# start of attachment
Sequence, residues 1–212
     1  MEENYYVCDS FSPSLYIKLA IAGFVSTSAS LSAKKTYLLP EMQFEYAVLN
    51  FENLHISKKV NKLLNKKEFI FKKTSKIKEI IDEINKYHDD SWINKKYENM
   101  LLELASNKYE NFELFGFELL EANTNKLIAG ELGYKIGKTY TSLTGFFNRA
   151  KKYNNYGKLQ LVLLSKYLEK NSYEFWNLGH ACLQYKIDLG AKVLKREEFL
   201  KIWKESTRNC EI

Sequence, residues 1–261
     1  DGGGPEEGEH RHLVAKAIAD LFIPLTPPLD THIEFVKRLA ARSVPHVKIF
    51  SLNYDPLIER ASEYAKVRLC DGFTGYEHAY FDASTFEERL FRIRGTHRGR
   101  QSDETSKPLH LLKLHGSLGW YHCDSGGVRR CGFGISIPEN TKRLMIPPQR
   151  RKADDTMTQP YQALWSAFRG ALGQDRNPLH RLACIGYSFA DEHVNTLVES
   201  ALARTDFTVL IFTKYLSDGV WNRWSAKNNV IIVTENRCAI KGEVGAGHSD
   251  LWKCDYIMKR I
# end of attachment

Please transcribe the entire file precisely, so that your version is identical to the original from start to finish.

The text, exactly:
Sequence, residues 1–212
     1  MEENYYVCDS FSPSLYIKLA IAGFVSTSAS LSAKKTYLLP EMQFEYAVLN
    51  FENLHISKKV NKLLNKKEFI FKKTSKIKEI IDEINKYHDD SWINKKYENM
   101  LLELASNKYE NFELFGFELL EANTNKLIAG ELGYKIGKTY TSLTGFFNRA
   151  KKYNNYGKLQ LVLLSKYLEK NSYEFWNLGH ACLQYKIDLG AKVLKREEFL
   201  KIWKESTRNC EI

Sequence, residues 1–261
     1  DGGGPEEGEH RHLVAKAIAD LFIPLTPPLD THIEFVKRLA ARSVPHVKIF
    51  SLNYDPLIER ASEYAKVRLC DGFTGYEHAY FDASTFEERL FRIRGTHRGR
   101  QSDETSKPLH LLKLHGSLGW YHCDSGGVRR CGFGISIPEN TKRLMIPPQR
   151  RKADDTMTQP YQALWSAFRG ALGQDRNPLH RLACIGYSFA DEHVNTLVES
   201  ALARTDFTVL IFTKYLSDGV WNRWSAKNNV IIVTENRCAI KGEVGAGHSD
   251  LWKCDYIMKR I